There was some other recent news about advances in MRAM device testing capabilities from Integral Solutions International (ISI). Integral Solutions International’s (ISI) Gen3 Pulser is a cost-effective, fast, and versatile STT-MRAM measurement solution. To meet the industry demands for even narrower pulse width and higher pulse amplitude, and in support of emerging MRAM technologies such as SOT-MRAM, ISI is preparing the release of its Gen4 Pulser platform.
ISI’s Gen4 Pulser will allow a minimum pulse width of 500pS, an order of magnitude improvement over their Gen3 solution. Further, pulse amplitude will be increased up to +/-3V, 150% higher than available on most pulsing equipment today.
ISI’s Gen4 Pulser will continue to support FAST cycle timing in support of high-repetition measurement cycles such as Write Error Rate. Each Gen4 Pulser will be equipped with 2 parallel channels, which can be configured for either single or dual STT-MRAM measurements, or single SOT-MRAM measurements where the SOT and MTJ structures must be pulsed simultaneously.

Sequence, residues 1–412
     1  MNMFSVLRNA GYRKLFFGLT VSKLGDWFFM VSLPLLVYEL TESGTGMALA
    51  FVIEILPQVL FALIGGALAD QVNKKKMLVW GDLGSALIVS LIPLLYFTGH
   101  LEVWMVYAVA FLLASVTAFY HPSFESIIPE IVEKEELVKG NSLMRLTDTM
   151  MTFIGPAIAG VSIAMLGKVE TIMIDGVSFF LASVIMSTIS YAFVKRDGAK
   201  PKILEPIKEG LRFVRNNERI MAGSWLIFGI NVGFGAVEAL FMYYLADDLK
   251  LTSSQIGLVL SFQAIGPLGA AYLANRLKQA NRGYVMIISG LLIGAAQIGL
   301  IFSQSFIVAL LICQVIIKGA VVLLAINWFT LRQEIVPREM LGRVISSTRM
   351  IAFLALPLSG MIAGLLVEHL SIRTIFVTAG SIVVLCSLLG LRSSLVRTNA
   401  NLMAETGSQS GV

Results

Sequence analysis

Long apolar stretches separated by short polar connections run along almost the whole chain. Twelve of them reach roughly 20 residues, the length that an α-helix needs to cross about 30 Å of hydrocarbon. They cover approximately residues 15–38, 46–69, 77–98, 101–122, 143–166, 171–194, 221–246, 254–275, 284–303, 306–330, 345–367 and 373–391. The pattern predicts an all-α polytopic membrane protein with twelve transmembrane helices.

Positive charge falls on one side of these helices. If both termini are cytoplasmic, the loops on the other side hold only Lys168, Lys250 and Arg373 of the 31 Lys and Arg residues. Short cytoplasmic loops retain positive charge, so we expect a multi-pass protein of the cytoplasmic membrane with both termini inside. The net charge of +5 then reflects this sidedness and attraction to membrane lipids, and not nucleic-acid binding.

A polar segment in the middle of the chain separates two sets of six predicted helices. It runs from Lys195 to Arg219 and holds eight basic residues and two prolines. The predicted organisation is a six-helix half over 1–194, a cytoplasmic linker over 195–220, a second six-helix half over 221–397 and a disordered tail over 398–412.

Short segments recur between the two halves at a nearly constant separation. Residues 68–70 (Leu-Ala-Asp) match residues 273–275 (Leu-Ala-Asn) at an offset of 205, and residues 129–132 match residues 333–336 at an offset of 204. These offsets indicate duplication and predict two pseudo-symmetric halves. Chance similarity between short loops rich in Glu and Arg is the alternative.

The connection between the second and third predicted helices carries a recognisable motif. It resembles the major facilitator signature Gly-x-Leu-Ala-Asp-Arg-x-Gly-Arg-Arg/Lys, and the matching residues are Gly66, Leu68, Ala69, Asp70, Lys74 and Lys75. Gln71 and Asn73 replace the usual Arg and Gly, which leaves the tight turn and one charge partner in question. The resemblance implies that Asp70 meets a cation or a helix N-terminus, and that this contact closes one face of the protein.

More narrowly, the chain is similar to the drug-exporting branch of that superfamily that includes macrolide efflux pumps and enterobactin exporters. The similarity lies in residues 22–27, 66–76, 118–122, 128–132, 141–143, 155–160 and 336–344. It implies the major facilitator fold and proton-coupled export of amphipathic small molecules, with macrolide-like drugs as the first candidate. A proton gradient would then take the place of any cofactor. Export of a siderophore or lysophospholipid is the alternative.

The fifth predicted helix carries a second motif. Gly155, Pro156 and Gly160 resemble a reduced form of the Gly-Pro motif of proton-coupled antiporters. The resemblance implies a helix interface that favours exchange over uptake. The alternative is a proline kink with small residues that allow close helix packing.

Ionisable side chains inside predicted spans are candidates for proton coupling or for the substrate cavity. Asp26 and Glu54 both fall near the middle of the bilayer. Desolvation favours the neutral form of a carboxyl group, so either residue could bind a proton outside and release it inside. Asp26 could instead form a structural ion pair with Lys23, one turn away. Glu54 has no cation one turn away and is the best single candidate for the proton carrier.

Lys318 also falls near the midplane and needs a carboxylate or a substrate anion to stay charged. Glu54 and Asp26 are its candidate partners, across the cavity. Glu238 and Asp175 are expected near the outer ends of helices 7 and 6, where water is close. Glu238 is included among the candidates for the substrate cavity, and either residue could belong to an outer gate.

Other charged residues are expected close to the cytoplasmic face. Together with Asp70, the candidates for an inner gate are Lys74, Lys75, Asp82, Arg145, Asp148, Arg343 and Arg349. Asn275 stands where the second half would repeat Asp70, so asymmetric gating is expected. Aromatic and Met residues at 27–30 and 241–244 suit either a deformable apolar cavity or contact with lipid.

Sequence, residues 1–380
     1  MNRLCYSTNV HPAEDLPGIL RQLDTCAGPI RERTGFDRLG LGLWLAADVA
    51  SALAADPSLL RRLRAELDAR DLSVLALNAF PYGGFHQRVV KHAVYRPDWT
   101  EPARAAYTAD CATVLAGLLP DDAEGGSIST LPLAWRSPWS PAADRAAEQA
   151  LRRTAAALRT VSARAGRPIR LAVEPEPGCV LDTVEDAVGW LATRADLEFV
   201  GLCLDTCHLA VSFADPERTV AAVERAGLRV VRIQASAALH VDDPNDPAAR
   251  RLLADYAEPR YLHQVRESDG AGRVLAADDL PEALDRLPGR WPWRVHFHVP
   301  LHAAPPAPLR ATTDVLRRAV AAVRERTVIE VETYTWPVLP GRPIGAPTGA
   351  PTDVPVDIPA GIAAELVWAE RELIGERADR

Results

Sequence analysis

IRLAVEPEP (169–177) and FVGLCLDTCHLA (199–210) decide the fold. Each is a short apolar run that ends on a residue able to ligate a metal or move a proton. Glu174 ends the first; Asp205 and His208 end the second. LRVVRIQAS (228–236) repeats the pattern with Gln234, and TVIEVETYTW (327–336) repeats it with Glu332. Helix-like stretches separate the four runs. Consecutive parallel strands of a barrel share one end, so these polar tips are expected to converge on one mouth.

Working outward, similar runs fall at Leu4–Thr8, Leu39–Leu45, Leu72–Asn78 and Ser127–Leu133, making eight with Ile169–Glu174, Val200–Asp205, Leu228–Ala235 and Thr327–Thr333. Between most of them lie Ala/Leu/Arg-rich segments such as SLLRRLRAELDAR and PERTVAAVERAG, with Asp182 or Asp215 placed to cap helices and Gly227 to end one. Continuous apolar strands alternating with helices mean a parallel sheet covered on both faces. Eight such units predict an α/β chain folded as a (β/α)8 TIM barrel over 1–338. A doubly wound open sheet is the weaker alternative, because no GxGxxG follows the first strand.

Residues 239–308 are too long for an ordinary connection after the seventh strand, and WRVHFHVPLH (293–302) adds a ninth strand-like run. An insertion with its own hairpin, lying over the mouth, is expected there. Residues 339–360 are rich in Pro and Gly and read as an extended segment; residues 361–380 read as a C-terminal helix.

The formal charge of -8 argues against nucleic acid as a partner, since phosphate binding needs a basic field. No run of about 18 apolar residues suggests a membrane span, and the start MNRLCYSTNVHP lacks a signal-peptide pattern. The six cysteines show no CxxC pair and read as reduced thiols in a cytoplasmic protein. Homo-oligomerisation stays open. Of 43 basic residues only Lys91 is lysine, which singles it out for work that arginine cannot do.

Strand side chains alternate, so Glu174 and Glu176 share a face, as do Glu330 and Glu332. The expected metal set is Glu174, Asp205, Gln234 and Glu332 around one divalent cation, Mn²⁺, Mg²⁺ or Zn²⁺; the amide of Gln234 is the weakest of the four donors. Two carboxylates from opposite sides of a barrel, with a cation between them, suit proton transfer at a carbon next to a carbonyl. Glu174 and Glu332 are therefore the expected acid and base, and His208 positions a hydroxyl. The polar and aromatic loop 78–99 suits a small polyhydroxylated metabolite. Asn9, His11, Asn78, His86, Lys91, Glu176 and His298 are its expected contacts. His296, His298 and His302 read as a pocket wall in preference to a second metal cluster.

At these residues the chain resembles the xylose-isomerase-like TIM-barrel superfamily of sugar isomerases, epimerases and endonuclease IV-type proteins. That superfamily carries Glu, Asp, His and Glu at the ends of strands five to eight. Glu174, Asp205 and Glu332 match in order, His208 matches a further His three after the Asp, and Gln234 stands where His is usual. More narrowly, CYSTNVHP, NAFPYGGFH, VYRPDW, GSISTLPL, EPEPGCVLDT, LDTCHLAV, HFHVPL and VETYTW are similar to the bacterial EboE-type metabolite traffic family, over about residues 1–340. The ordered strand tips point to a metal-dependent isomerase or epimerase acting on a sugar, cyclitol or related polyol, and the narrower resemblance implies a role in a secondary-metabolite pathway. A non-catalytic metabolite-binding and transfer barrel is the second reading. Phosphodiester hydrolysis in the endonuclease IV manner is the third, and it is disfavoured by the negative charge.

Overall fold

For even higher-throughput applications, ISI’s Gen4 Pulser is modular, where up to 4 of these Pulser channels can be installed at once, providing up to 8x STT-MRAM or 4x SOT-MRAM device testing in parallel. Adding to ISI’s large family of user-configurable Magnet solutions, in addition to the recent release of the 1T/1.5T Perpendicular Magnets, ISI is also releasing a 3D Magnet ideally suited for SOT device testing applications.
The SNIA Persistent Memory and Computational Storage Summit demonstrated the increasing importance of persistent memory and computational storage in data center and other applications. ISI’s Gen4 Pulser will enable Spin Orbit Torque (SOT) as well as Spin Transfer Torque (STT) MRAM testing.